'Heard' Immunity?

Amateur voices

The coronavirus crisis has been a humbling experience. To accompany the pandemic, we have had an epidemic of statistics. If I thought that after 45 years working as a medical statistician, with more than 30 years working on clinical trials, I had what it took to make sense of them all, I have been disabused: testing, diagnosis and infectious disease modelling are matters in which I have only ever had occasional involvement. Even in clinical trials, there are huge gaps in my experience. I have mainly dealt with therapeutic trials, rarely with prevention trials and never with vaccines. The reader is warned that mine is an amateur opinion.

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Medidata Migration

A biotechnology company, developing a novel paediatric gene therapy to treat a rare genetic immunodeficiency that keeps a child's immune system from functioning properly, made the bold decision to move an ongoing Phase III study away from a large full-service provider CRO who were delivering a less than optimal service.

As PHASTAR is a long-standing partner to this biotech company, providing for both data management and statistical services, the company made the decision to move the data management aspect of thise study from the full-service CRO to PHASTAR. The study was already actively recruiting, and subjects had already been treated and passed their year 1one visit with, their data being collected in Medidata RAVE.

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Thank you for your CV - we’d like to invite you for an interview!

Writing a CV is not easy, especially if you’re not used to selling yourself. With just one opportunity to demonstrate that you have the necessary skills and experience for the role you’re applying for, it’s vital to spend time creating a concise, tailored and well-presented CV that stands out from the crowd.

We’ve spoken to PHASTAR's talent acquisition team to get their advice on how to create a CV that maximises your chance of receiving the response: “Thank you for your CV – we’d like to invite you for an interview”!

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PHASTAR West Coast – Six Month Update

PHASTAR's San Diego office, our third in the US, just passed its six-month 'anniversary'. This office was set up to serve as a strategic operations hub for PHASTAR, further supporting our west coast sponsors and is a key component of our five-year plan. It has been an exciting, busy, and challenging year thus far – COVID-19 has modified our working world, and we continue to focus on thriving during these uncertain times.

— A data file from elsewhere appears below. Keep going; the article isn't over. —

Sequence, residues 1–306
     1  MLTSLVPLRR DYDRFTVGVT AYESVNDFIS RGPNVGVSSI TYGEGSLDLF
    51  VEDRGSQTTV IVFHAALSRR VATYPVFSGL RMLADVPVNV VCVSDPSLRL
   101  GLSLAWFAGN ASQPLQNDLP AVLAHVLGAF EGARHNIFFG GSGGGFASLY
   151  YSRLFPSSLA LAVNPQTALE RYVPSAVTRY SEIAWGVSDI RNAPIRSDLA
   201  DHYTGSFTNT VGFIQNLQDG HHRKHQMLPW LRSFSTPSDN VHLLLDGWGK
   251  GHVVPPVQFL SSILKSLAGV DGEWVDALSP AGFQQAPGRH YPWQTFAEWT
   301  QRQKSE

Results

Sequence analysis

I joined the PHASTAR team to open the San Diego office, focusing on all aspects of PHASTAR’s strategies including business development, developing proposal and processes for delivery of clinical trial projects, staff development and recruitment. I also manage senior technical staff and am involved in oversight of multiple projects to ensure clinical trial reporting is delivered to agreed timelines with optimal quality.

Age is more than a number: Exposure–response modelling approaches for determining optimal dosing rules in children

Exposure–response modelling approaches for determining optimal dosing rules in children

PHASTAR statistician Ian Wadsworth has had a new research article published in Statistical Methods in Medical Research examining modelling approaches for quantifying how exposure-response parameters vary over different ages in paediatric populations. Here he summarises the methodologies considered: 

Within paediatric populations, different age groups of children treated with a new medicine may experience differences in dose–exposure and exposure–response (E–R) relationships due to age-related differences in growth, development and physiological differences [1]. One possible suggested age grouping by the International Council for Harmonisation (ICH) E11 document is preterm newborn infants; term newborn infants (0–27 days); infants and toddlers (28 days to 23 months); children (2–11 years); and adolescents (12 to 16–18 years, depending on region) [1]. However, such groupings are general suggestions, with specific treatments and therapeutic areas having the potential for differences. Our paper [2] developed approaches to estimate the E–R relationship in children and to identify age groupings which define practical and effective dosing rules.

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